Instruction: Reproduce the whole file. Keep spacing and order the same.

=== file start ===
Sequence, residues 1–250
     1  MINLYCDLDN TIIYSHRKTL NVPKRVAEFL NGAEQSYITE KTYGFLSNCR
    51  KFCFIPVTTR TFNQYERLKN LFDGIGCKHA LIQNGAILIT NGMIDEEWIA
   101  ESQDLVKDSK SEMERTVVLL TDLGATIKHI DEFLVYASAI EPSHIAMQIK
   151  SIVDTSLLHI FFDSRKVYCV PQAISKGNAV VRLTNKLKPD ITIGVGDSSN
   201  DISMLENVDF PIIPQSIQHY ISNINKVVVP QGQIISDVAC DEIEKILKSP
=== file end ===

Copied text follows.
Sequence, residues 1–250
     1  MINLYCDLDN TIIYSHRKTL NVPKRVAEFL NGAEQSYITE KTYGFLSNCR
    51  KFCFIPVTTR TFNQYERLKN LFDGIGCKHA LIQNGAILIT NGMIDEEWIA
   101  ESQDLVKDSK SEMERTVVLL TDLGATIKHI DEFLVYASAI EPSHIAMQIK
   151  SIVDTSLLHI FFDSRKVYCV PQAISKGNAV VRLTNKLKPD ITIGVGDSSN
   201  DISMLENVDF PIIPQSIQHY ISNINKVVVP QGQIISDVAC DEIEKILKSP